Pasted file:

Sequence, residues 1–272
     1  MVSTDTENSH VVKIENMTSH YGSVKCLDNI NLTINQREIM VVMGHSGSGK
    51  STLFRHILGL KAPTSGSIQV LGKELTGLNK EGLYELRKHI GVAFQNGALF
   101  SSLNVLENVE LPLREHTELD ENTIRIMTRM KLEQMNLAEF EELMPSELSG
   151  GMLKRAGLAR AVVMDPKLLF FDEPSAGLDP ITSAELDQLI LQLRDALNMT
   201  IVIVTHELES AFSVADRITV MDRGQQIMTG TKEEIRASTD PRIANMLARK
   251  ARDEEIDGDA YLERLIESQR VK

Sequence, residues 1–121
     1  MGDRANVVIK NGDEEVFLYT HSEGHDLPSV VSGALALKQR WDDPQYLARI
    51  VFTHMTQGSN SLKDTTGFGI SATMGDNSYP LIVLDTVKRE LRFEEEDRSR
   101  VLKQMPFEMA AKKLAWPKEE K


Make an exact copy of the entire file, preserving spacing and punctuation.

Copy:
Sequence, residues 1–272
     1  MVSTDTENSH VVKIENMTSH YGSVKCLDNI NLTINQREIM VVMGHSGSGK
    51  STLFRHILGL KAPTSGSIQV LGKELTGLNK EGLYELRKHI GVAFQNGALF
   101  SSLNVLENVE LPLREHTELD ENTIRIMTRM KLEQMNLAEF EELMPSELSG
   151  GMLKRAGLAR AVVMDPKLLF FDEPSAGLDP ITSAELDQLI LQLRDALNMT
   201  IVIVTHELES AFSVADRITV MDRGQQIMTG TKEEIRASTD PRIANMLARK
   251  ARDEEIDGDA YLERLIESQR VK

Sequence, residues 1–121
     1  MGDRANVVIK NGDEEVFLYT HSEGHDLPSV VSGALALKQR WDDPQYLARI
    51  VFTHMTQGSN SLKDTTGFGI SATMGDNSYP LIVLDTVKRE LRFEEEDRSR
   101  VLKQMPFEMA AKKLAWPKEE K